Some fear sponsored content blurs the ethical church-and-state division between advertising and journalism, while others say the revenue keeps reporters employed.

Reuters' Jack Schafer put it strongly in a recent piece, "A Word Against Our Sponsor": "If, as George Orwell once put it, 'The public are swine; advertising is the rattling of a stick inside a swill-bucket,' then sponsored content is the meal so wretched that even pigs will reject unless sugar-frosted," he wrote.

But whether you love or hate native advertising, examining the recent history of the news business, including declining revenues and widespread layoffs, sheds light on why it's growing so quickly.

Jurkowitz headshot.jpg

Mark Jurkowitz, associate director of the Pew Research Center's Project for Excellence in Journalism, told me that tough economic realities and the "anemic" growth of digital ad revenue opened the door.

"The grimmer news is that basically for every $16 that a newspaper is losing in print revenue, they're gaining $1 in digital," he said. "Just as the case with classified ads, which disappeared ... it's very possible that other forms of digital ad revenue are maybe more difficult than previously thought."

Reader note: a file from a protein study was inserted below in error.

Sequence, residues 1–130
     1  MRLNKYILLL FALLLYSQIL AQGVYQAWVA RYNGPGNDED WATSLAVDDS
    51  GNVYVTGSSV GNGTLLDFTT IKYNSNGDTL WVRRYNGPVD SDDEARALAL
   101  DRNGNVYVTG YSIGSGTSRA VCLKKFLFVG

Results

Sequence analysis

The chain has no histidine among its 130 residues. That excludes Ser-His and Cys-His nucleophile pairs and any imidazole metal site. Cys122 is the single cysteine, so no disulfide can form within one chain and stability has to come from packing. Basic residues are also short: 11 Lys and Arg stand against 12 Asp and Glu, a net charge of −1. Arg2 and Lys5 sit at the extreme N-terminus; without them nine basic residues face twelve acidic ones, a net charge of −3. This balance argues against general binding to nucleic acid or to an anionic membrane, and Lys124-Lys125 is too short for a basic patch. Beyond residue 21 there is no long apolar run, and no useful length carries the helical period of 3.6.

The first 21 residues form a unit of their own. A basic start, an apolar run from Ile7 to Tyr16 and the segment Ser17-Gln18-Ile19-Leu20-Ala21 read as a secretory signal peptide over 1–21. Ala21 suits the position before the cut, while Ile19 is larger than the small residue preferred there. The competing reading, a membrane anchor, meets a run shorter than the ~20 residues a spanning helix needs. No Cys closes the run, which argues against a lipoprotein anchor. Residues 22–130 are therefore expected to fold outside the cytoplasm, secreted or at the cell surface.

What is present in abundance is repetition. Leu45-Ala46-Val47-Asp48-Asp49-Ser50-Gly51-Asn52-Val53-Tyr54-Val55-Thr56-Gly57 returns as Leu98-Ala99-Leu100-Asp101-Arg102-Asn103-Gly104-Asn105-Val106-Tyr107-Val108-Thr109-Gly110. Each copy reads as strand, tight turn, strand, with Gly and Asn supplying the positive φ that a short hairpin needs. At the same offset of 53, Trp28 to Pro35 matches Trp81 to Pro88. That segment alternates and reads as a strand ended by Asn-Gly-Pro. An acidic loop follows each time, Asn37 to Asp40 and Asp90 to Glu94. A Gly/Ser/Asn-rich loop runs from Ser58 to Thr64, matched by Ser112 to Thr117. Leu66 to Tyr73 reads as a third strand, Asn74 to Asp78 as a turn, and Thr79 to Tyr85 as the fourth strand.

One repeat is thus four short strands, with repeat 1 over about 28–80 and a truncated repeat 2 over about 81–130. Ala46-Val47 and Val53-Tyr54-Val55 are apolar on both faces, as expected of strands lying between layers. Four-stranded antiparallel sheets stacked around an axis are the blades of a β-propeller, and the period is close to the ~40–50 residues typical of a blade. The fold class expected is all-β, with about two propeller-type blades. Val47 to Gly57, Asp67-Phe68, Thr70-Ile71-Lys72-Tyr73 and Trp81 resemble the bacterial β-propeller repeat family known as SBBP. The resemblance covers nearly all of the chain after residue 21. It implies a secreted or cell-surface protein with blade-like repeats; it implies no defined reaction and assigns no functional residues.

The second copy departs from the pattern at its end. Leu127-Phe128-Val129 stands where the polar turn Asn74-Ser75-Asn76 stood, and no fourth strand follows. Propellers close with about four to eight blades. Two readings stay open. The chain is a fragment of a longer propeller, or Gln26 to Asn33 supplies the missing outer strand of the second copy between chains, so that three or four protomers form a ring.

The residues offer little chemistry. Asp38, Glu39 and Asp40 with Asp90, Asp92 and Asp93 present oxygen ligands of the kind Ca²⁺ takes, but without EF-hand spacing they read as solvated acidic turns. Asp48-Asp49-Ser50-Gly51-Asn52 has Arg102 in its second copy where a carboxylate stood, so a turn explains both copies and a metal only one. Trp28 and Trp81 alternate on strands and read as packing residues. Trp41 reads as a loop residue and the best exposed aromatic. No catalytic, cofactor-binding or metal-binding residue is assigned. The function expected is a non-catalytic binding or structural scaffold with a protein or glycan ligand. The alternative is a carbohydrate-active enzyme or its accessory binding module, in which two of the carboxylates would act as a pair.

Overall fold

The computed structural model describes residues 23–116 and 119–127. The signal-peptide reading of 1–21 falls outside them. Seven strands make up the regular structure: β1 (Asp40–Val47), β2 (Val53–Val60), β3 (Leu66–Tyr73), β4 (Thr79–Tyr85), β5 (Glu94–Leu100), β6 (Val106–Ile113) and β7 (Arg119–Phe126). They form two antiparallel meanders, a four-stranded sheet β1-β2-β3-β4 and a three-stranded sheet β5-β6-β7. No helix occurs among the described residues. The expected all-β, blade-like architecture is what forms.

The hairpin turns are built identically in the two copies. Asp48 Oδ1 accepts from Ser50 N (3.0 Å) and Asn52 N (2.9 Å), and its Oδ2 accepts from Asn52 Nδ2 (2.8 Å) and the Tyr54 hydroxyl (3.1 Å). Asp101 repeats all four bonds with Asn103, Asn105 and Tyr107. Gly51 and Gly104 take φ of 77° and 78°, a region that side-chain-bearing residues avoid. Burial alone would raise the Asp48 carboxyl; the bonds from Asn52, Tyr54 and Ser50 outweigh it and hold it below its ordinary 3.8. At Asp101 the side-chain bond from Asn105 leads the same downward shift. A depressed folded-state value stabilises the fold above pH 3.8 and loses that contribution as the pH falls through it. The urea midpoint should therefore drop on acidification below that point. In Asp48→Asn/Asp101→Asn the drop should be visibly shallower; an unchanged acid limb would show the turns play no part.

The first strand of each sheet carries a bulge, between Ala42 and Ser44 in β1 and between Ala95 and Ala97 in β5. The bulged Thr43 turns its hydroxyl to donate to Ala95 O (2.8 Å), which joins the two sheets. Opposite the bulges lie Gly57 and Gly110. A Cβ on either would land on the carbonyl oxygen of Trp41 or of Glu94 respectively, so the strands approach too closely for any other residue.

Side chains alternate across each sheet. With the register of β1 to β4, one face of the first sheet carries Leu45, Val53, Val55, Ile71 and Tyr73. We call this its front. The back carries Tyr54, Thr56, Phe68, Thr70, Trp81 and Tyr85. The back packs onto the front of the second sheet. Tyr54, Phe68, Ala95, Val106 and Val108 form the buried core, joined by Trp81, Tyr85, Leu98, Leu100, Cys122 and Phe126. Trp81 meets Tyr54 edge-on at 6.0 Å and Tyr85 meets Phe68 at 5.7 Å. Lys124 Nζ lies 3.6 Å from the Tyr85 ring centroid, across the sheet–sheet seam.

Forbes Leading the Way

Forbes was the first major news site to integrate sponsored content. In 2010, I wrote about how Forbes Media chief product officer Lewis Dvorkin shook up the established formula with AdVoice -- which hosted sponsored articles on Forbes.com.

Forbes Media chief revenue officer Meredith Levien told me it was slow going at first, especially since few companies had the staff or mindset for content creation. But in the last 18 months it's grown dramatically, in part because the publication added a team of writers, editors and graphic designers -- separate from the editorial team -- to help brands produce their articles. "We can't staff it fast enough," she said, adding that BrandVoice was "No. 1 on the list" of factors that made 2012 revenues the best in five years.

Last year, Levien successfully lobbied for the name to be changed to BrandVoice.

Levien+MEREDITH+Headshot.jpg